A friend of mine is having an Epiphany party on January 6th, the day that Christendom celebrates the arrival of the wise men of the East at Bethlehem to worship the newborn King, the Incarnate God, Jesus Christ. She asked me to prepare a devotional on the three gifts that she could share. Those coming to the party will bring a gifts that will be presented to Titus 2 Partnership, Inc.’s women’s life recovery ministry. It is her hope that reflecting on the gifts of the wise men will provide a special meaning to this celebration that concludes the Christmas Season.
Gold, Frankincense, and Myrrh- Gifts of love, devotion, and service for a king, priest, and prophet.
Gifts often have symbolic as well as practical value. Gifts generally reflect, too, some knowledge by the giver of the person to whom the gift is given or reflects the high esteem in which the giver holds the recipient. In addition to the honor and status implied by the value of the gifts of the magi, scholars think that these three were chosen for their special spiritual symbolism about Jesus himself.
Gold, frankincense, and myrrh- the three gifts that the wise men brought to Jesus are valuable items and appear to have been standard gifts used to honor a king or deity in the ancient world: gold as a precious metal, frankincense as perfume or incense, and myrrh as anointing oil. In fact, these same three items were apparently among the gifts, recorded in ancient inscriptions, that King Seleucus II Callinicus offered to the god Apollo at the temple in Miletus in 243 B.C.E. The Book of Isaiah, when describing Jerusalem’s glorious restoration, tells of nations and kings who will come and “bring gold and frankincense and shall proclaim the praise of the Lord” (Isaiah 60:6). Although Matthew’s gospel does not include the names or number of the magi, many believe that the number of the gifts is what led to the tradition of the Three Wise Men. The Magi had surely read Moses’ promise of the coming Prophet (Deuteronomy 18:15), as well as David’s promise of the coming Priest (Psalm 110:4), and Daniel’s promise of the coming King (Daniel 9:24-27), and when they saw Him, they fell down and worshipped Him, presenting Him with the three most fitting gifts of worship available in the world.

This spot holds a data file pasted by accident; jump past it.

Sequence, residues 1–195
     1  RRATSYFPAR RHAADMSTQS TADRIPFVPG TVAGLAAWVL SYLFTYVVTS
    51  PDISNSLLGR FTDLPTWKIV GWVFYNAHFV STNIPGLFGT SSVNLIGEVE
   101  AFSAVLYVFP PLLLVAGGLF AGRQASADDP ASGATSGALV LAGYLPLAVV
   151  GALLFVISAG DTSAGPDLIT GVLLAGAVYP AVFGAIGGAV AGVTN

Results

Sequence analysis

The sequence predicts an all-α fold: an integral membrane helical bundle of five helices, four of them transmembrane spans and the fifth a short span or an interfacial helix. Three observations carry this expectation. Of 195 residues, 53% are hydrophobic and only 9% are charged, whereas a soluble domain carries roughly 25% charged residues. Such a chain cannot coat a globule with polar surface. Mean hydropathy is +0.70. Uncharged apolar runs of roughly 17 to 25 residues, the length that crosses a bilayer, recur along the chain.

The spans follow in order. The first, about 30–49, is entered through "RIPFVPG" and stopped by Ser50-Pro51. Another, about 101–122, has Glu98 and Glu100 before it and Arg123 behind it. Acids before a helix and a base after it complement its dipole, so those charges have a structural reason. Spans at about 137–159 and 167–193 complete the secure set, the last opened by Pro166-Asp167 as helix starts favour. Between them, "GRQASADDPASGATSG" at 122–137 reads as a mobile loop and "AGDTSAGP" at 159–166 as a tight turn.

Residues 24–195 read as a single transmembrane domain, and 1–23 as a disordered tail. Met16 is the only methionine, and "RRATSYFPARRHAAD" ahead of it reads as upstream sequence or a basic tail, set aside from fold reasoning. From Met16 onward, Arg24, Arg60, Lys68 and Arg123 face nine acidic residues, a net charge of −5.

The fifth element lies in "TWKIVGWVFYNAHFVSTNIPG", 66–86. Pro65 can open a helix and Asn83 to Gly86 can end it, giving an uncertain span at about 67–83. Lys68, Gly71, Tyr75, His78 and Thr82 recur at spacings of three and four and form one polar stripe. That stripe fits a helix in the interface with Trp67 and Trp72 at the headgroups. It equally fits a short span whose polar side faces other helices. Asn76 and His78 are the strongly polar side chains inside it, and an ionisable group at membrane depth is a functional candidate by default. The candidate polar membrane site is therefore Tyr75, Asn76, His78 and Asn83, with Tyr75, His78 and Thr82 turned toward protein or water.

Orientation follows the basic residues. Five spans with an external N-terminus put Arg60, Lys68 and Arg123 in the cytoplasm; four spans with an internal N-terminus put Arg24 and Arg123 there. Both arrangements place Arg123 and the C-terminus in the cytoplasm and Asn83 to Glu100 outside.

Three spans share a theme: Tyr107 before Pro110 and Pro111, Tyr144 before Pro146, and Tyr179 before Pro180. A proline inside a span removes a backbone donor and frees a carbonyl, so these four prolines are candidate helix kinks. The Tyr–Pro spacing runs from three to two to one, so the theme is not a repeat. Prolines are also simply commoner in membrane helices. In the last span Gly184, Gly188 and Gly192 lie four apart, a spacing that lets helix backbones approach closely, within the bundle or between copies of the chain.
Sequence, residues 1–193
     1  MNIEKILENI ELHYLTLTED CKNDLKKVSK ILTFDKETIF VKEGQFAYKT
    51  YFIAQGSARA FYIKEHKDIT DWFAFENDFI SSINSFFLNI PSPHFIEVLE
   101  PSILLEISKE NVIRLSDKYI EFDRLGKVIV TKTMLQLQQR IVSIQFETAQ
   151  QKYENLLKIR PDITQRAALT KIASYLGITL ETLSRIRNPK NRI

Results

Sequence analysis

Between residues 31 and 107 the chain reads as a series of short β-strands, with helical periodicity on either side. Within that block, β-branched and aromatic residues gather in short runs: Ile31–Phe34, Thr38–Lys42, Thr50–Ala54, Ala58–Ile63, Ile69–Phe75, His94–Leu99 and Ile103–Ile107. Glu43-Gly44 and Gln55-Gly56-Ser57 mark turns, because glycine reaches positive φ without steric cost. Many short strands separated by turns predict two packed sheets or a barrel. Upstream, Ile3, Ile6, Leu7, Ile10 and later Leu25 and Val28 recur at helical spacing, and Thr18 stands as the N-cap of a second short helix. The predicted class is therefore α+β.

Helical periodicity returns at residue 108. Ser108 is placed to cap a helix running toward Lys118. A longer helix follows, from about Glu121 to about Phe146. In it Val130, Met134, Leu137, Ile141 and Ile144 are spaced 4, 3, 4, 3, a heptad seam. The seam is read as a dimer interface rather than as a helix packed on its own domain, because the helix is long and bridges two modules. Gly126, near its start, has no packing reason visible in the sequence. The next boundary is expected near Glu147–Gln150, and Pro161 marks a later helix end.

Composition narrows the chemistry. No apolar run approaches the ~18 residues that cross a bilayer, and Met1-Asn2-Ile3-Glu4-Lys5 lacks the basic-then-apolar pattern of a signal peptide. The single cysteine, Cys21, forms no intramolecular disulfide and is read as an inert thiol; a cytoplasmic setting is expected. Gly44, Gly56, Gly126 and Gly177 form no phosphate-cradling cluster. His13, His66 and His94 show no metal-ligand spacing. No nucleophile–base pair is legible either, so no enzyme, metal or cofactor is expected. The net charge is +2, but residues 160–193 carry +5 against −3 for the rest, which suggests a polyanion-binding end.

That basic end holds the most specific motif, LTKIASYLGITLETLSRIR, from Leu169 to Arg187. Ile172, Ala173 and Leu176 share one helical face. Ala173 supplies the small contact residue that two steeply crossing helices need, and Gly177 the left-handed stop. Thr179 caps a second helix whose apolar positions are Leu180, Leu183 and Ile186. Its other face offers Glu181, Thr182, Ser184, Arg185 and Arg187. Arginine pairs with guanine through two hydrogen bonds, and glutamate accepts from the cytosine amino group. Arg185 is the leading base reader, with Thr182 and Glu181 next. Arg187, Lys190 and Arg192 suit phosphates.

GOLD– Gold, a precious metal that retains its value even when the value of other things has fallen, is a symbol of divinity and kingly sovereignty. It is appropriate for both honoring a king and worshipping God. The essential symbol identifying a king was a golden crown. God is the ultimate Sovereign and His Son is the King of kings (Revelation 17:14). Therefore, gold is fittingly appropriate.
The Ark of the Covenant representing God’s very presence with his people was covered with gold. In the wilderness under Moses, God told his people to build a tabernacle in which He could “dwell among them” (Exodus 25:8). They were to follow God’s instructions in building the tabernacle and its furnishings, many of which we either made of gold or overlaid with it.
The same was true on an even larger scale in the temple built by King Solomon later in Jerusalem. Again, there was gold everywhere (1 Kings 6:21-22). But the tabernacle and the temple, as beautiful and meaningful as they were, were merely physical representations of God’s future home in the hearts of all His people. The heavenly city, New Jerusalem, will be made of gold (Revelation 21:18, 21).
Gold has also been used as a symbol of love. For example, gold is commonly used to make wedding rings, symbolizing eternal love in marriage. It also symbolizes spiritual and heavenly, divine love. It is mentioned throughout the Bible associated with honor and reverence. It is appropriate that gold would be among the gifts given to Jesus, the Messiah who would be a king.
FRANKINCENSE– Frankincense, too was highly valued in Israel and other nations of that time, used especially for medicines, incense, and perfumes. Contemporary studies on the use of frankincense in treatment of arthritis validates traditional uses of frankincense as an herbal remedy in communities of North Africa and the Arabian Peninsula, where the trees that produce this aromatic white resin gum grows. Incisions made in the source tree’s bark allow the gum to flow out. It is highly fragrant when burned and was used in worship as a pleasant incense offering to God (Exodus 30:34). Frankincense is a symbol of holiness and righteousness. It is specifically included in God’s instructions for the services of the tabernacle (Exodus 30:23, 34). The use of frankincense was commanded as a primary ingredient of the incense that kept burning in the tabernacle and also in connection with the meal offering.